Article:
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Feasibility study of evaporative water cooled (EWC) grinding method for chilli (Capsicum annum L.)

Authors:

D.M.S.P. Bandara ,

University of Peradeniya, LK
About D.M.S.P.
Postgraduate Institute of Agriculture
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K.S.P. Amarathunga,

University of Peradeniya, LK
About K.S.P.
Department of Agriculture Engineering, Faculty of Agriculture
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B.M.K.S. Thilakaratne,

University of Peradeniya, LK
About B.M.K.S.
Department of Agriculture Engineering, Faculty of Agriculture
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T.M.R. Dissanayake,

University of Peradeniya, LK
About T.M.R.
Department of Agriculture Engineering, Faculty of Agriculture
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D.A.N. Dharmasena,

Rajarata University of Sri Lanka, LK
About D.A.N.
Department of Agricultural Engineering and Soil Science, Faculty of Agriculture
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A. J. Fernando

Rajarata University of Sri Lanka, LK
About A. J.
Department of Agricultural Engineering and Soil Science, Faculty of Agriculture
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Abstract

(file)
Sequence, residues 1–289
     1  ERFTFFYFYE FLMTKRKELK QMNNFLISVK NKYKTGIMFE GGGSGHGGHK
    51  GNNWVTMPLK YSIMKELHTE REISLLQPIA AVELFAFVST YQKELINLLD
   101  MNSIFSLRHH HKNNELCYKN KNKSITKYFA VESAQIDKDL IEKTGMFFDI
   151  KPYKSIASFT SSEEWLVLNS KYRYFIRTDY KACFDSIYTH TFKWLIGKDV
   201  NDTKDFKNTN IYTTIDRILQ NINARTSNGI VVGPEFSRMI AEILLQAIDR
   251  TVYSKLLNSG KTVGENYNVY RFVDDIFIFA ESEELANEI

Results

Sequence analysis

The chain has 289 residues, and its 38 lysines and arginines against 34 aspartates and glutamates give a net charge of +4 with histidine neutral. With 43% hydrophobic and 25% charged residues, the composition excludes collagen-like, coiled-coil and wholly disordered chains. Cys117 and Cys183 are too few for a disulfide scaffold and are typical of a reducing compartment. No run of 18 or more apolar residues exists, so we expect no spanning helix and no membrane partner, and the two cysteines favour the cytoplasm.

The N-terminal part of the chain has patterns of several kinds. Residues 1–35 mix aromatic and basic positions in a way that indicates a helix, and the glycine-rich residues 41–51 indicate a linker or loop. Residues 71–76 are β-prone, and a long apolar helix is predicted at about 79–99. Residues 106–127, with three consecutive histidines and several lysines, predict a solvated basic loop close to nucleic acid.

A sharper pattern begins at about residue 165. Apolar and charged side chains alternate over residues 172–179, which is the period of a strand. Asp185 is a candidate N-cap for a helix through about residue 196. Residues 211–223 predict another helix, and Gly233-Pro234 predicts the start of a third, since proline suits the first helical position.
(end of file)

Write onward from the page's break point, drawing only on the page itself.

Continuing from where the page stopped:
The application of low temperature grinding shows promising pathway to produce higher quality ground product in terms of flavour and volatile oil retention of spices. The possibility of using evaporative water cooling for grinding chilli was studied to ascertain the quality parameters. Atomized water was sprayed on to the chilli pods being fed in to the mill. The temperature, moisture content and colour values of the ground product were measured and the values were compared with conventional grinding. The temperature of the conventionally ground and evaporative water cooled ground chilli were 58 ± 2.65 °C and 36 ± 1.5 °C respectively and the corresponding amounts of heat removed by water vapour were 29.33 kJ and 186.50 kJ. The moisture content of conventionally ground chilli and evaporative water cooled ground chilli with water spraying were 9.06 ± 0.41 and 9.65 ± 0.23 percent wet basis and the corresponding colour values were 49.19 ± 0.99 (L*), 17.35 ± 1.62 (a*), 23.38 ± 1.29 (b*) and 47.52 ± 1.74 (L*), 18.38 ± 0.14 (a*) and 26.93 ± 0.68 (b*). This study revealed that the water can be effectively used as a coolant for reducing temperature rise during grinding in order to preserve the quality of chilli.

 

Tropical Agricultural Research Vol. 26 (1): 189 – 194 (2014)

How to Cite:
Published on 19 Nov 2015.
Peer Reviewed

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